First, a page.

The Inca Trail is one of the most well-known hikes in the world. Due to its popularity, there’s a cap of 500 people (200 trekkers and 300 porters) allowed to start the trek each day.
With the sheer volume of travellers and the importance of tourism to Peru, the Peruvian Government has improved its safety measures over the years. Like many destinations, the most pressing safety issues are influenced by some of the key travel decisions you can make yourself.
1. Get a guide
To undertake the Inca Trail, you must have a guide, even if you’re an experienced hiker. Since 2001, regulations have been introduced to ensure all tourists travel with a licensed tour guide. Our Inca Trail guides are certified local tour guides. Each trekking guide also receives additional training in the field by mountain rescue experts.
2. Recognise the signs of altitude sickness
Most people start to feel the effects of altitude at 2000 metres (6561 feet) and upwards – regardless of their age, gender or level of fitness. While our leaders have basic first aid training and are aware of the closest medical facilities, it is very important that you make yourself aware of the cause and effects of travelling at altitude, monitor your health and seek assistance accordingly. Signs that you may be feeling the effects of altitude sickness are fatigue, shortness of breath, nausea, or vomiting, and a loss of appetite.
It’s important to take it easy, drink plenty of water and speak to your group leader at once if you start to feel unwell. We recommend seeing your doctor if you have any health concerns before undertaking the trip, particularly if you have a pre-existing medical condition or take any medication. All our guides and trek leaders have been trained by medical specialists in handling altitude illness and are proficient in first aid; our team carries oxygen cylinders on all treks for emergency use too.
3. Have a reasonable level of fitness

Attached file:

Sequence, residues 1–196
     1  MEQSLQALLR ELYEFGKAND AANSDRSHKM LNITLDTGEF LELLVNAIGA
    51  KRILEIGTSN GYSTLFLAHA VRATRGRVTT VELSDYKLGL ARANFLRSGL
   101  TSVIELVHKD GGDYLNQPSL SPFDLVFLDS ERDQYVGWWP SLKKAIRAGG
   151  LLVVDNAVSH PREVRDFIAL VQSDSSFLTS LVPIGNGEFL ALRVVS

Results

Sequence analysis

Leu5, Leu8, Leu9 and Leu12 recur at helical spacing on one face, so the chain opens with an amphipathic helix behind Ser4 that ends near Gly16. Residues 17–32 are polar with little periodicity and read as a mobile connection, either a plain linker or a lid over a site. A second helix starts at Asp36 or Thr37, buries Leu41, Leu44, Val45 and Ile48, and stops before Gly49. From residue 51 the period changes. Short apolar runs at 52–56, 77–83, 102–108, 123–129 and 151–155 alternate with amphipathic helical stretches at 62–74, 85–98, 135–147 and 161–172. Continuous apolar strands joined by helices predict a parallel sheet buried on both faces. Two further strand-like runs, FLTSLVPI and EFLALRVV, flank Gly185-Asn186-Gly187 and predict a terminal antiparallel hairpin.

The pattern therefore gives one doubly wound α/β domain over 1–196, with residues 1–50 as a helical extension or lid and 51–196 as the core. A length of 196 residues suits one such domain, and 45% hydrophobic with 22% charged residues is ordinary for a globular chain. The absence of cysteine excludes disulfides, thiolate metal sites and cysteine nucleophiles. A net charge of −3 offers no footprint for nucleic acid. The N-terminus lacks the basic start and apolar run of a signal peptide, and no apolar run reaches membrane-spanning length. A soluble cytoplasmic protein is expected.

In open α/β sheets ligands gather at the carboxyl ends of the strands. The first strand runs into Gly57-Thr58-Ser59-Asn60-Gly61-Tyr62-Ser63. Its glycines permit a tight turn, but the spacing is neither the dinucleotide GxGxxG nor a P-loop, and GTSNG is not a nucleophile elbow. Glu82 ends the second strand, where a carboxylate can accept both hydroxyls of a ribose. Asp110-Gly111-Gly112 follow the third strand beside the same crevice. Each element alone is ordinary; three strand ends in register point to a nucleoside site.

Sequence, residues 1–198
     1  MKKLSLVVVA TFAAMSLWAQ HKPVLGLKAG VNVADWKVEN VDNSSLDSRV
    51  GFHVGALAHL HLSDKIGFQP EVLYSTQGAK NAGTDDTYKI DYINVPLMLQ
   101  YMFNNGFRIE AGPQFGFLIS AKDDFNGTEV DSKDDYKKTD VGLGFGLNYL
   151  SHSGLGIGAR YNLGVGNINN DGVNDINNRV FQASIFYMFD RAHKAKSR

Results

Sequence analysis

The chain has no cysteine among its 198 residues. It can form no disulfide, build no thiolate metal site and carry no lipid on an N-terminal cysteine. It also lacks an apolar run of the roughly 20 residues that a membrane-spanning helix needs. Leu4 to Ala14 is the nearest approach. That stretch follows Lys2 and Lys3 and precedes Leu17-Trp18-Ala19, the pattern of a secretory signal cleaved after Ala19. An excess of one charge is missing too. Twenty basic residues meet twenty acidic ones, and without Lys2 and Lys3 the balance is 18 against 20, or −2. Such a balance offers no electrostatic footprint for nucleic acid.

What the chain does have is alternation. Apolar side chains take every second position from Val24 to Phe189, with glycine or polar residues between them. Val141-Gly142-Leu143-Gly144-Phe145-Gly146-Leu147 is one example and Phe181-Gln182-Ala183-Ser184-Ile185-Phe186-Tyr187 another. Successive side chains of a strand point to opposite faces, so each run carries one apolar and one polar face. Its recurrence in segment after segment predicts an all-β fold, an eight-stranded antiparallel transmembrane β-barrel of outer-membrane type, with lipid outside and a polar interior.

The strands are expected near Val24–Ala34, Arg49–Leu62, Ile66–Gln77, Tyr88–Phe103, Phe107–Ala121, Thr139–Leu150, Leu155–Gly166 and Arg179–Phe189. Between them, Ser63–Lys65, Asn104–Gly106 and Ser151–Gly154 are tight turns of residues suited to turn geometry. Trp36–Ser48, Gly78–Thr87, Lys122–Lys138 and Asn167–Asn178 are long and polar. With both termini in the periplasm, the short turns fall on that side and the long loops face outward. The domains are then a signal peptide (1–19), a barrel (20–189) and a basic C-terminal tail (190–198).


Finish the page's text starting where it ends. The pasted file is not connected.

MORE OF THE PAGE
The Inca Trail is within the abilities of most reasonably fit people, but please come prepared, as the trail is 43 kilometres (26 miles) long and often very steep. Each day’s journey generally consists of seven hours of walking (uphill and downhill), with stops for snacks and lunch. Accommodation on the trek is camping (three nights); double tents (twin-share) and foam camping mats will be provided. The porters will set up the tents while the cook prepares meals. Each day you get up at about 7 am (except the final day which starts at 4.30am) and hike for around seven hours.
4. Leave the valuables at home
The threat of crime is low along the Inca Trail, and Peru treats the safety of travellers as a matter of priority. However, it is advised to take the normal precautions while travelling, such as not carrying a large amount of cash, and keeping your passport and money safely tucked away.
5. Hiking during the wet season
Hiking the Inca Trail during the wet season (between November and April) can be tricky, as the trail can get very (VERY) muddy. Be prepared by taking a good rain jacket and waterproof cover for your day pack and clothing. The Inca Trail closes every year in February due to it being the wettest time of the year.
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